Friday, December 21, 2012

Holiday Preparations

For Christmas, I'm catering again for my parents.  We cook the meal at my house, then pack it all into a cooler with a couple of bricks that we bake, along with the ham, to keep the hot stuff at least warm until we arrive, and keep the stuff that needs to stay cool separate.  Then we drive over to their place, and unpack it all, to be served buffet style.

My dad loves ham, and the rest of us like it, too, so that's what we serve for Christmas.  There must be stuffing, for my dad, and potatoes au gratin for me.  Dad also loves his cranberry sauce, so there must be that.  I make it with fresh cranberries, apples, and a handful of craisins.  We call it "crapplesauce" in private; it tastes anything but crappy, though.  And, we have to have a pumpkin pie.  Why, I don't know, but we all like it, with vanilla whipped cream, so I make those from scratch, too.

In October, we buy our pumpkins from a local pick-your-own farm, then use them later for their food value.  It's not difficult to make and freeze your own pumpkin mash, as long as you use a food mill with the finest insert/die, and leave it to drain in a coffee strainer for a few hours before bagging and freezing it, by the pint.  One pint = one pie.  Or, a quart of soup, if that's the way you roll.

Cookies.  There have to be cookies.  I like to make spice cookies and cream cheese cookies, both of which utilize a cookie press.  The spice ones, if you ball the dough and just bake them like that, resemble and taste like pfefferneusse, minus the anise.  For the cream cheese ones, it doesn't really matter what die you use in the press, but the star shaped one makes nice wreaths, which I can sprinkle with green sugar, just to give them a holiday look.

I used a BB&B coupon today to get bucks off a few kitchen gadgets I wanted:  a really sturdy silicon spatula, one of those things to measure out shortening or lard, so you can scrape it off the top, rather than trying to carve it out of a measuring cup, and a small "ice cream scoop" to use for measuring out cookie dough for drop style cookies.  Yes, the small pleasures of (small) kitchen gadgetry make me happy, as long as they're not too expensive.  The fat measuring thingy is the only one trick pony in the bunch, and I can live with that.

The candy has also been made: peppermint bark and peanut brittle.  I was a little too low on butter to make a batch of English toffee, even though I had all the rest of the ingredients, so peanut brittle it was.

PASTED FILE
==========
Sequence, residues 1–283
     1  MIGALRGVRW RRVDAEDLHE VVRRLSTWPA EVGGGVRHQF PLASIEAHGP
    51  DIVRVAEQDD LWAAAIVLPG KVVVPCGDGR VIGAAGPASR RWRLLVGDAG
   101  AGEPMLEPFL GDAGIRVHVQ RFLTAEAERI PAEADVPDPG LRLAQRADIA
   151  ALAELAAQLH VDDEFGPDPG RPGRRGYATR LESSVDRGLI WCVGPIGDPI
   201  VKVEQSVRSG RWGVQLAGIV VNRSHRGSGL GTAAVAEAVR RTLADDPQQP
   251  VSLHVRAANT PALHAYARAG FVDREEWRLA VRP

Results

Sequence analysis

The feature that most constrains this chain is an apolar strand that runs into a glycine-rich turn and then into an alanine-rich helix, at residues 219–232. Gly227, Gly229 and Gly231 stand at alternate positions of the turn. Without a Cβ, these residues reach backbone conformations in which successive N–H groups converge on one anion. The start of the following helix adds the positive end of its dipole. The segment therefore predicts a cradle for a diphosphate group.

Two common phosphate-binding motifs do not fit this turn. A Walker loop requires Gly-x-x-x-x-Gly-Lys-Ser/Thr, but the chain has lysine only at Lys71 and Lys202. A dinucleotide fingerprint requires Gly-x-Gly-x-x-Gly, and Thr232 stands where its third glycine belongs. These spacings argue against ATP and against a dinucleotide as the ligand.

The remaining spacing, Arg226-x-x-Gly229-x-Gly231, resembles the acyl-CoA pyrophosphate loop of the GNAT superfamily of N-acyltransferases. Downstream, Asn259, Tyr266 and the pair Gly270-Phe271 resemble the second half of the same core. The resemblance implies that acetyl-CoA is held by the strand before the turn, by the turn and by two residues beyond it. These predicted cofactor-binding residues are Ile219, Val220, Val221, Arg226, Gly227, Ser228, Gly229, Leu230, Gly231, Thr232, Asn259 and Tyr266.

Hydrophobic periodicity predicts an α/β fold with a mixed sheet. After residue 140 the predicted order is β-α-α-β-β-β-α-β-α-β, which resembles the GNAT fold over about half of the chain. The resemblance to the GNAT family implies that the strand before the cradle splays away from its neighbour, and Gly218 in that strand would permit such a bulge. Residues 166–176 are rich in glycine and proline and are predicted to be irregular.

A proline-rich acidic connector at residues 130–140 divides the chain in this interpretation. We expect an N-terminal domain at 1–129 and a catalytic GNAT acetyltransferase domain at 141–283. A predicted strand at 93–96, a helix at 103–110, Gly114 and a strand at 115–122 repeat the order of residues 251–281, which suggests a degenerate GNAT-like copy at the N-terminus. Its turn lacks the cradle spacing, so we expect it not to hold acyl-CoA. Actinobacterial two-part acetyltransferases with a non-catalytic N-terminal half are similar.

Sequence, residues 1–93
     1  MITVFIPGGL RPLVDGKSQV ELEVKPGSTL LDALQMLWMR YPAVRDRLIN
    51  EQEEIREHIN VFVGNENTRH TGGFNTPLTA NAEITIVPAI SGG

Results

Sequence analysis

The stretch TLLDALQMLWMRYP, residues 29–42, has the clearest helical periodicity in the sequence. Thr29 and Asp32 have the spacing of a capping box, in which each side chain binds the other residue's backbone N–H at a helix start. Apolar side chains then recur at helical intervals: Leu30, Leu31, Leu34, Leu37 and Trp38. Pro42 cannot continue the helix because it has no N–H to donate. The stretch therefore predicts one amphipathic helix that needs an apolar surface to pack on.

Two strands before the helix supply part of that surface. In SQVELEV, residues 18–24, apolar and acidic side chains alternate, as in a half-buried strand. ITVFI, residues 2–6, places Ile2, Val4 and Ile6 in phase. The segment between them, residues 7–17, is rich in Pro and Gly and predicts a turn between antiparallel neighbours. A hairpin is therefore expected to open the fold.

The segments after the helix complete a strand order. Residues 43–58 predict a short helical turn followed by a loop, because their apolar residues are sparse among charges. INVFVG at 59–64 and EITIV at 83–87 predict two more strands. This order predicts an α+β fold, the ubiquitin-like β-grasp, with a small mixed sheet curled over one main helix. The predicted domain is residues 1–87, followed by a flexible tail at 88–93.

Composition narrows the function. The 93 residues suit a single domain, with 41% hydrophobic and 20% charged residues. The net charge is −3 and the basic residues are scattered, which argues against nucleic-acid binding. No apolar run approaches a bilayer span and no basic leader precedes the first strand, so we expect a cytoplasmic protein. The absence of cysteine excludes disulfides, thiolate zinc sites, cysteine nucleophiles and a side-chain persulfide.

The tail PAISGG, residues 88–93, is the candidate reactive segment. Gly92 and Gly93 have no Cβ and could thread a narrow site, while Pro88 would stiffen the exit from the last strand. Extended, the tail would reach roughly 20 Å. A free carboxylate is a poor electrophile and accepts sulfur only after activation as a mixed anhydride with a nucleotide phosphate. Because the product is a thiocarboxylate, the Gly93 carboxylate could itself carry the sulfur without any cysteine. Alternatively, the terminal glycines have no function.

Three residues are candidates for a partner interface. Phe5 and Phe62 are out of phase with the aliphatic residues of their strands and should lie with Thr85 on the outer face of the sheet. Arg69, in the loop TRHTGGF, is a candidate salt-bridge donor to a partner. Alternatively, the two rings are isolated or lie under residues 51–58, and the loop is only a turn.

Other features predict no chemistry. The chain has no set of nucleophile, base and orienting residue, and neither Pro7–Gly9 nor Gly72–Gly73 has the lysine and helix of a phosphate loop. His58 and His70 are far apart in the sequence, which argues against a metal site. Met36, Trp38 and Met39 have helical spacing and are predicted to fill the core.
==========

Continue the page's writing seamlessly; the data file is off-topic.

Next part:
We'll still need to make a grocery run over the weekend for fresh veggies and few other items, but we basically have Christmas covered.

We already bought the frozen duck for New Year's Eve.  I saw it in the grocery store last week, and grabbed one, because they don't always have them when I want one.  Besides, we had the freezer space.  I make that with a mushroom, sage, long grain and wild rice mix, and whatever other side dishes grab me at the time.

My family never had a New Year's Eve tradition when I was growing up, but duck has become ours over the past decade or so.  We got stuck doing a goose one New Year's Eve, because we couldn't find a duck; the goose was fine, but not worth the cost, and the mess the dog caused when he toppled the roasting pan  full of grease from the stovetop (minus the goose) onto the floor took me an hour to clean properly, so that we wouldn't slip.  No.  More.  Goose.

Tuesday, December 18, 2012

Sweet and Sour Pork

I've made this before with chicken instead of pork.  The sauce is the main thing, along with pineapple chunks.  For veggies, I'll use practically anything that needs to be used -- broccoli, zucchini, or whatever.  This evening, I went with bell pepper and onion, and butchered a fresh pineapple, rather than having to resort to canned in juice.  Sweet and sour sauce recipe follows the picture.

Sweet and Sour Sauce (makes approx. 2 cups):
3/4 c. sugar
1/3 c. white vinegar
2/3 c. pineapple juice (or water)
1/4 c. soy sauce (preferably reduced sodium)
1 Tbs. ketchup (or tomato paste)
2-1/2 Tbs. cornstarch

Mix ingredients; they will thicken when boiled.  Add more water, if you like it thinner.  Can be made in a saucepan ahead, and stored in the refrigerator for later use. 

For the meat portion of the dish, cube it, and marinate it in soy sauce for an hour or so before starting to saute the veggies.  The meat and pineapple chunks go in after the veggies are nearly done, and the sauce at the end, after the meat has browned.  The meat will finish cooking as the sauce comes to a boil and thickens.

Monkey Bread

The recipe is from Beard on Bread.  It calls for pre-soaked dried currants, but I didn't have any, and opted to use pomegranate "craisins" instead.  I'm sure it would work with raisins, dried cranberries, or even dried blueberries.  My bag of dried pomegranate seeds was brand new, so they seemed moist enough that I didn't bother to soak them, but did give them a rough chop to be closer to the size of dried currants.

I've made this recipe by the book before.  Today's improvisation worked extremely well.  Monkey bread is a sweet yeast bread that requires two risings, plucking off balls of dough to roll in a butter/brown sugar/dried fruit mix, and uses a tube or angel food pan.  The texture and moisture is a bit like a sticky bun.